Easy Nutritious and Filling Fare
When my doctor suggested I try a vegan diet to help ease the aches of pains of aging, I was worried about how I’d get enough protein. My standard breakfast had consisted of a couple of slices of turkey bacon, some sort of carb and fruit—plus coffee, of course.
I knew about the health benefits of walnuts, especially for women. They’re loaded with heart-healthy omega-3 fatty acids, so I decided to make them the protein base for my new breakfast menu. The obvious pairing is oatmeal—long known as a healthy heart food and a comfort carb. Since I work at home, I have the ability to make breakfast at my leisure, but that doesn’t mean I have a lot of time to spend at the stove. I am not a fan of “instant” food because it’s usually been processed, so no packets of oatmeal for me.
Instead, I opt for organic rolled oats bought in bulk at my local health food co-op. It cooks up in under 4 minutes in a microwave and tastes great. My recipe is simple:
- 1/3 Cup Raw Oats
- 3/4 Cup Cold Water
- Place in deep microwave-safe bowl and cook on high for 3 minutes, 45 seconds.
My additions to my oatmeal always include about 1/4 cup of chopped walnuts. I buy these in bulk too, and found an easy-peasy way to chop them without making a mess or getting my food processor dirty. Unlike almonds (another healthy, tasty nut), walnuts are soft and break apart easily under pressure. The simplest way to chop them is to put a half-cup or so in a plastic zip-loc bag, close—but don’t seal. Roll over the bag of nuts with any heavy round object—a can of beans, an empty jar, a wooden rolling pin—whatever you’ve got, until they nuts are “chopped” to the size you prefer. If you don’t use plastic, just put them between two sheets of waxed paper.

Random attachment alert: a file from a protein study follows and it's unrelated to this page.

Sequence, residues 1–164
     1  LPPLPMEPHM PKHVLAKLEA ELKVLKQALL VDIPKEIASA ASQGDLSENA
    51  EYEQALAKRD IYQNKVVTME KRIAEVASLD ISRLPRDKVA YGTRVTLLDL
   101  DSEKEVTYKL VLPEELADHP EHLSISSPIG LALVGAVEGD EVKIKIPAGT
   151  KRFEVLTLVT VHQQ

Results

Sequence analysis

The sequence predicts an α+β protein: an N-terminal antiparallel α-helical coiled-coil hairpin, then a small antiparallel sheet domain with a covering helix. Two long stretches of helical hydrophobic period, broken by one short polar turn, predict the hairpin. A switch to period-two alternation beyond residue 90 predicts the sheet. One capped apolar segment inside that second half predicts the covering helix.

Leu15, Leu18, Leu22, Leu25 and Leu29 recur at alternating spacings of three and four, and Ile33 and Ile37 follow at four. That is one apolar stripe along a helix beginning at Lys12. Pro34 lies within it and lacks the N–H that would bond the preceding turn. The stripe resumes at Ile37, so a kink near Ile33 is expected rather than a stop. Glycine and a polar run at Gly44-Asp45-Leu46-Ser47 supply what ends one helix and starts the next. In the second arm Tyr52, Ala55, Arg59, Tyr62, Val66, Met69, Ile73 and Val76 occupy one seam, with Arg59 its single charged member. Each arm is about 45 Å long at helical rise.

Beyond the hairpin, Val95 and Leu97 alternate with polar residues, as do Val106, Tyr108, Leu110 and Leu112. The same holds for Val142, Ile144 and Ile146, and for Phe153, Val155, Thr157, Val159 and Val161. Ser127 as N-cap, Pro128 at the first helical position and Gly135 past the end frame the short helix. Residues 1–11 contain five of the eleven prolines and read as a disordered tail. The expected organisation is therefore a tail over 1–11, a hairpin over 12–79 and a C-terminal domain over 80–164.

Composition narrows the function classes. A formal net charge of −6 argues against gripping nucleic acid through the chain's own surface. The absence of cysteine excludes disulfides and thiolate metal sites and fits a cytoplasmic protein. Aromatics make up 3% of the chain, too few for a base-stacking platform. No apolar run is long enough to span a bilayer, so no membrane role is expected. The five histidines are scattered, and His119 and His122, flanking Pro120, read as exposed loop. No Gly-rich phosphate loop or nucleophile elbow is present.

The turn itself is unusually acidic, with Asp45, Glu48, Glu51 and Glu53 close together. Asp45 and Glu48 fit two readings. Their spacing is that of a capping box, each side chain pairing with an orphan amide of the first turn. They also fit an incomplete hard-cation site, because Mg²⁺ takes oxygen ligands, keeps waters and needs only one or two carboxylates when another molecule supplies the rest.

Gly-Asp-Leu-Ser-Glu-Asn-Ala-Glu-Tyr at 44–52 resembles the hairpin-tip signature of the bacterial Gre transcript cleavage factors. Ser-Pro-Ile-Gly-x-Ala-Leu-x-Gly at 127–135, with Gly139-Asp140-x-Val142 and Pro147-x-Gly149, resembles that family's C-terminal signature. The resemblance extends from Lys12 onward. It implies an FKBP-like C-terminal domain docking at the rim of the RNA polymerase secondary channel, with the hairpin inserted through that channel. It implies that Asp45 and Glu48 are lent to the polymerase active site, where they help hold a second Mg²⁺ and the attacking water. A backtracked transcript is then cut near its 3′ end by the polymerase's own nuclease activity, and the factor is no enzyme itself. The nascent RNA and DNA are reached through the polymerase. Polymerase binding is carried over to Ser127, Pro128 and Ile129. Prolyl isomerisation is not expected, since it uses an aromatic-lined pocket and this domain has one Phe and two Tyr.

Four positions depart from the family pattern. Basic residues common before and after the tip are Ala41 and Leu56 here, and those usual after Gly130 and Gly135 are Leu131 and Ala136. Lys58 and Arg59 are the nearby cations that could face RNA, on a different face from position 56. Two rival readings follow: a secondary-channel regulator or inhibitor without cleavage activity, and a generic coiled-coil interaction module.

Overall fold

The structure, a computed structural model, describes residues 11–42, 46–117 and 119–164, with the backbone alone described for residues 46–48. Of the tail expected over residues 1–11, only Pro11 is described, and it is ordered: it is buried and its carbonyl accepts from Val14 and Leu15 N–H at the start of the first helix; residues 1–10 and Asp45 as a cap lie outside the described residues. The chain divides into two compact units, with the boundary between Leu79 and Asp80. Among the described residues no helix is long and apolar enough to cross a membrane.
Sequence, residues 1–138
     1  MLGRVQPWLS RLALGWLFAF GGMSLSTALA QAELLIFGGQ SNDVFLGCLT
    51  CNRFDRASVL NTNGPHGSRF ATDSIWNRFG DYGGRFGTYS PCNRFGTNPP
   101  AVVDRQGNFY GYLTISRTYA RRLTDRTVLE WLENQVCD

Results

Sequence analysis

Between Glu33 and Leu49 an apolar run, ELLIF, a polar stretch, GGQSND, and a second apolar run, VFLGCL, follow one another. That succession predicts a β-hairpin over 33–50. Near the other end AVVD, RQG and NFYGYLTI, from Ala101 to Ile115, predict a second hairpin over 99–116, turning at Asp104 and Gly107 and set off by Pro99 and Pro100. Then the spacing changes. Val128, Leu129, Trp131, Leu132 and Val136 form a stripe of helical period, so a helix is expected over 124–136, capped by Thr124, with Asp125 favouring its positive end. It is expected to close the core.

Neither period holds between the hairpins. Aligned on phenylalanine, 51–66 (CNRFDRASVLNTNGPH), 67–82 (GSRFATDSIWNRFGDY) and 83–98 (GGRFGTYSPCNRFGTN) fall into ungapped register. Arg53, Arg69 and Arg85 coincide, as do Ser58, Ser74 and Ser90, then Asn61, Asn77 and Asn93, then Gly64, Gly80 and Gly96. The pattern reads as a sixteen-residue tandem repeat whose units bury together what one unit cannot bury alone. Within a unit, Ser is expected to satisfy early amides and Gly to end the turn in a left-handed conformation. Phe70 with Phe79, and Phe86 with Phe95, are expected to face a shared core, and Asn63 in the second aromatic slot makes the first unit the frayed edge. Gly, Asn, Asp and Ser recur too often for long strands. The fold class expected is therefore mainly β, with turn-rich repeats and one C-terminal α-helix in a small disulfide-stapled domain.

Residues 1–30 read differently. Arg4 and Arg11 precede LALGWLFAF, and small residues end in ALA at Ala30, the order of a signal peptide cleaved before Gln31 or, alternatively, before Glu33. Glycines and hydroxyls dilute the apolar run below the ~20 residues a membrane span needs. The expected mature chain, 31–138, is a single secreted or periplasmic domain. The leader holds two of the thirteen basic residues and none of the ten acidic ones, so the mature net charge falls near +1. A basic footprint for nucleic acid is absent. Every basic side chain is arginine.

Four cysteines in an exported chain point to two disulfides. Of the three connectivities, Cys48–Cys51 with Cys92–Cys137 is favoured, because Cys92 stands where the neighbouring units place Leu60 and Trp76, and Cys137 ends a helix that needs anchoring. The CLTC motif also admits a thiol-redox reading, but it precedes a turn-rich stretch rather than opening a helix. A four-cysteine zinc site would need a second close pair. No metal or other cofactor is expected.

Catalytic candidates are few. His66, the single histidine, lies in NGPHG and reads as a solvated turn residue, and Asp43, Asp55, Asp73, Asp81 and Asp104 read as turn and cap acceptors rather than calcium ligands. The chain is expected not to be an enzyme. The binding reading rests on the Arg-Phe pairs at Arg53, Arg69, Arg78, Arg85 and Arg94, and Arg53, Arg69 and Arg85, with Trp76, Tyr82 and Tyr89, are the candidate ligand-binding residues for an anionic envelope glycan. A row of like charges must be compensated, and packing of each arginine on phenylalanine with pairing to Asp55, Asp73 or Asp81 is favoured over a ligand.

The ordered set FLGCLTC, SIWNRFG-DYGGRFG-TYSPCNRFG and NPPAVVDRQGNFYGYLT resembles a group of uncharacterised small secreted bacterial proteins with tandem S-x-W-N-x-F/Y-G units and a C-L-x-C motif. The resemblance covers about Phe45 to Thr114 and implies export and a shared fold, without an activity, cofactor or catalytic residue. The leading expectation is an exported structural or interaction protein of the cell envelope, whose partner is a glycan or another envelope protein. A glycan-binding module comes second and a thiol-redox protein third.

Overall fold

Fresh fruit is another must-have. I tend to go with whatever is in season in my garden: strawberries in June, ever-bearing raspberries from June–November, blueberries in July and August, and apples from late August until they’re gone. These Sweet Williams have just the right bit of tartness to add some tang. Once I no longer have fruit of my own, I’ll buy organic apples and bananas.
Another prime ingredient for me is cinnamon (again, bought in bulk at my local health food co-op). Though studies are not definitive, much research shows positive health benefits. For the most unbiased answer, I looked to WebMD which noted, “Lab studies have found that cinnamon may reduce inflammation, have antioxidant effects, and fight bacteria,” though they make no recommendations. If it helps with my aches and pains, great; if not, it still adds flavor that can replace the more common sugar, honey or syrup. I use close to a teaspoon!
I top the oatmeal first with the cinnamon, then the nuts, then the fruit. To cream it up, I pour a about 1/4 cup of creamer around the circumference of the oatmeal. I use a mixture of 1 part soy vanilla creamer to 1 part cocoanut creamer to keep it vegan. The same mixture creams up my coffee—a “half-caff” blend I grind daily.
In less than 10 minutes of prep time I’ve made a delicious, healthy breakfast that keeps me going until lunch.
- Words by Andrea Leigh Ptak
- November 11, 2014
- 5 Comments